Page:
• Blau, Ludwig. Das altjüdische Zauberwesen. 2d ed. Berlin: Verlag von Louis Lamm, 1914.

    A broad survey of ancient Jewish magic, especially as it emerges from rabbinic literature, with special emphasis on its aims (aggressive magic, healing magic, creating living creatures) and means (reciting spells, curses, and biblical verses; using magic implements and amulets). Includes a detailed analysis of the Jewish elements found in the pagan Greek magical texts known at the time. Originally published in 1898, an edition that is available online.

  • Bohak, Gideon. Ancient Jewish Magic: A History. Cambridge, UK: Cambridge University Press, 2008.

    A broad history of ancient Jewish magic, from the Second Temple period to Late Antiquity, with special emphasis on intercultural dynamics, and on processes of continuity and change within the Jewish magical tradition. Throughout, the focus is on the recipes and “finished products” produced by the magicians, with the more canonical Jewish texts—and especially rabbinic literature—measured against the magical texts.

  • Brecher, Gideon. Das Transcendentale, Magie und magische Heilarten im Talmud. Vienna: Ulrich Klopf, 1850.

    A broad survey of the “sea of the Talmud” in search for all things transcendental, including detailed discussions of Talmudic passages relating to demonology; magical beliefs and practices; and amulets, spells, and exorcisms. Brecher often adduces his sources without any further analysis, but the resulting trove of relevant Talmudic passages has fruitfully been mined by subsequent scholars.

  • Bohak, Gideon. “Prolegomena to the Study of the Jewish Magical Tradition.” Currents in Biblical Literature 8 (2009): 107–150.

    DOI: 10.1177/1476993X09339445

    A survey of what has been done thus far in the study of Jewish magic, and a call for further research, with special emphasis on the need to identify, publish, and analyze more Jewish magical texts and to study them synchronically and diachronically.

  • Harari, Yuval. Ha-kishuf ha-Yehudi ha-kadum. Jerusalem: Mosad Byalik, 2010.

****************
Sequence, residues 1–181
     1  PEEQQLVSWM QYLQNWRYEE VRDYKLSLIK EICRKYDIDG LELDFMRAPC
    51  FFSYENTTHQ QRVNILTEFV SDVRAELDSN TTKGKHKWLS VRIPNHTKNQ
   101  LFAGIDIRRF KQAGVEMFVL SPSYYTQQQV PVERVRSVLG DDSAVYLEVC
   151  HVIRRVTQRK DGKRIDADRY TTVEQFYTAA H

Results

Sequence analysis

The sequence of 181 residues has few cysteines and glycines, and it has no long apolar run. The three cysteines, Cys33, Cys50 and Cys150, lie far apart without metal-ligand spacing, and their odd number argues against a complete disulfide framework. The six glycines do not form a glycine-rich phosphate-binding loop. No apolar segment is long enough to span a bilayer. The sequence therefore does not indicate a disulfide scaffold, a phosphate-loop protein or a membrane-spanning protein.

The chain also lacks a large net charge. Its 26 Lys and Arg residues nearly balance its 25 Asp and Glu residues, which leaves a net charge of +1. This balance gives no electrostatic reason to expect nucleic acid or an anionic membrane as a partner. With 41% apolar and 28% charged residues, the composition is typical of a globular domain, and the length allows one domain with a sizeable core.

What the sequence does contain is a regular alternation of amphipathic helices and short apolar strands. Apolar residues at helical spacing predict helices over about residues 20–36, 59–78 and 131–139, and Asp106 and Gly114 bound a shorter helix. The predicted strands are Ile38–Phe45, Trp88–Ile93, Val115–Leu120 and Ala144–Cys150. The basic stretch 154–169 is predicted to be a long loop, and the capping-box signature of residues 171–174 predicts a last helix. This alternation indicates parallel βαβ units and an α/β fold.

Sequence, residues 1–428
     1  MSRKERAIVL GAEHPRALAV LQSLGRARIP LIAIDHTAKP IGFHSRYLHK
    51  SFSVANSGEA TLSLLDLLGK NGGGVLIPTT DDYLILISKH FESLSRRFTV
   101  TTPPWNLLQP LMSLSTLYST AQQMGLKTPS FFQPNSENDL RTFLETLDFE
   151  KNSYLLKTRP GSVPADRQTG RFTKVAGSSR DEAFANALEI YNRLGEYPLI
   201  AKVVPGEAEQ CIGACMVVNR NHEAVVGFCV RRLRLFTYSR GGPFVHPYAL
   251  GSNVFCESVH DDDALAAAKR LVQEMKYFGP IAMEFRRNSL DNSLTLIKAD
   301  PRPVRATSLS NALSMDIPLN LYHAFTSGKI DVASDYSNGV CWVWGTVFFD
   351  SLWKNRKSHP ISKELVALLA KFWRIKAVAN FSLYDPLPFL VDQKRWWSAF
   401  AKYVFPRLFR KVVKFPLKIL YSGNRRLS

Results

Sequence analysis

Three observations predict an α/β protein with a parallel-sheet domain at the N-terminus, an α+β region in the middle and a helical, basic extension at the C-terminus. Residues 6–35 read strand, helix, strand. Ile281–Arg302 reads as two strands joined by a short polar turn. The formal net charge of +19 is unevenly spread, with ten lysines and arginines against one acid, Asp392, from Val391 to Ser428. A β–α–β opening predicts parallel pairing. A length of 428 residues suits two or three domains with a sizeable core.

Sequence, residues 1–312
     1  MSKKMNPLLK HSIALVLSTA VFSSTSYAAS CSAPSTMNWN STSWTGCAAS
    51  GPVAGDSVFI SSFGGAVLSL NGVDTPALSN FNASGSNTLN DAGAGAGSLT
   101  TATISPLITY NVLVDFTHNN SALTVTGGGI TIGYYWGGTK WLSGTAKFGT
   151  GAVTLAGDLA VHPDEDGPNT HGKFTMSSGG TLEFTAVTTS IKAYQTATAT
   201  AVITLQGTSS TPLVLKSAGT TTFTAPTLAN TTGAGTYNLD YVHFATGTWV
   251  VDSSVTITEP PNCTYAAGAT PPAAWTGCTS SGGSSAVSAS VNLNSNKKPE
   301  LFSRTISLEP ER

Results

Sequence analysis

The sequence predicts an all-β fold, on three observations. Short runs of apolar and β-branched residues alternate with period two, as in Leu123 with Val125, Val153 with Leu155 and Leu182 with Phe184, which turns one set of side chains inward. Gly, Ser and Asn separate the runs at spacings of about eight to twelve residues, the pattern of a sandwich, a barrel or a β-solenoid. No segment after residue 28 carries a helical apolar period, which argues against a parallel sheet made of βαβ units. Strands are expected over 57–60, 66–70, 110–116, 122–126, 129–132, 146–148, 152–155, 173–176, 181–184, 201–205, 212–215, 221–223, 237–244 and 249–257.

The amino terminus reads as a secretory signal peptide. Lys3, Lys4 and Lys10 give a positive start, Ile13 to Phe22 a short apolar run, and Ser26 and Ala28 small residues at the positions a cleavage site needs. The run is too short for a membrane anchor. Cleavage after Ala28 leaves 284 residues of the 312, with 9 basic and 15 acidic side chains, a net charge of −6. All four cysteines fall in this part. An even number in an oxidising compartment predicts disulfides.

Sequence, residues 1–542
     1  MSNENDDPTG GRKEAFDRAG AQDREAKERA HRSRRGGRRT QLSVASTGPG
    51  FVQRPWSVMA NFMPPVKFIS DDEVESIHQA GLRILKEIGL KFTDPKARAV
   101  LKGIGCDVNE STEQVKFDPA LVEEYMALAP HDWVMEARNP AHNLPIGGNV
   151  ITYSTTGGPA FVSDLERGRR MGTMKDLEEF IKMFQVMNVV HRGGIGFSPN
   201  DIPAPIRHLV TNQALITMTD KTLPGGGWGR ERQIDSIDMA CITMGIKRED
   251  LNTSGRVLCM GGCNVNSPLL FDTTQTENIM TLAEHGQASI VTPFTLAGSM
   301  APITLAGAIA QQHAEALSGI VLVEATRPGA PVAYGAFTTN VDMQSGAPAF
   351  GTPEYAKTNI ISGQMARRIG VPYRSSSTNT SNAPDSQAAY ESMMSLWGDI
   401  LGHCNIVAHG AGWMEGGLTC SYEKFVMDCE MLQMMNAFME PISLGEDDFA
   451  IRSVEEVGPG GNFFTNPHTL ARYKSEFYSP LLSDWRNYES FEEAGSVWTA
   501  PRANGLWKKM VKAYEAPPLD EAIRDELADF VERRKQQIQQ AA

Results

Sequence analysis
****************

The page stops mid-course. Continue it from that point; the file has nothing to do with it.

A broad survey of the available sources for the study of ancient Jewish magic, and of the methods used in its study, with special emphasis on the history of scholarship in this field and on the problems pertaining to the definition of “magic” and the social struggles and divisions that often lay behind it.

  • Swartz, Michael D. “Jewish Magic in Late Antiquity.” In The Cambridge History of Judaism. Vol. 4, The Late Roman–Rabbinic Period. Edited by Steven T. Katz, 699–720. Cambridge, UK: Cambridge University Press, 2006.

    DOI: 10.1017/CHOL9780521772488

    A broad survey of late-antique Jewish magic, in light of rabbinic literature, Palestinian Jewish amulets, Babylonian Jewish incantation bowls, medieval magical manuals, and Hekhalot literature. The Jewish magical tradition was not the domain of the lower classes, as some of its practitioners clearly had good scribal and scriptural training and may perhaps be classified as a “secondary elite.”

  • Trachtenberg, Joshua. Jewish Magic and Superstition: A Study in Folk Religion. Philadelphia: University of Pennsylvania Press, 2004.

    The classic study of Jewish magic, setting out from the medieval Christian stereotype of Jews-as-magicians and exploring the reality behind the myth. Detailed analyses of every aspect of medieval Ashkenazi (i.e., German and Northern French) Jewish magic, with occasional forays into the Talmudic backgrounds and precedents of some of the medieval beliefs and practices. Originally published in 1939.

  • Vukosavović, Filip, ed. Angels and Demons: Jewish Magic through the Ages. Jerusalem: Bible Lands Museum, 2010.

    The catalogue of an exhibition that was on display in the Bible Lands Museum in 2010 and 2011, covering many types of Jewish magical texts and objects, from Antiquity to the 21st century, and accompanied by brief introductions by leading scholars and by excellent images.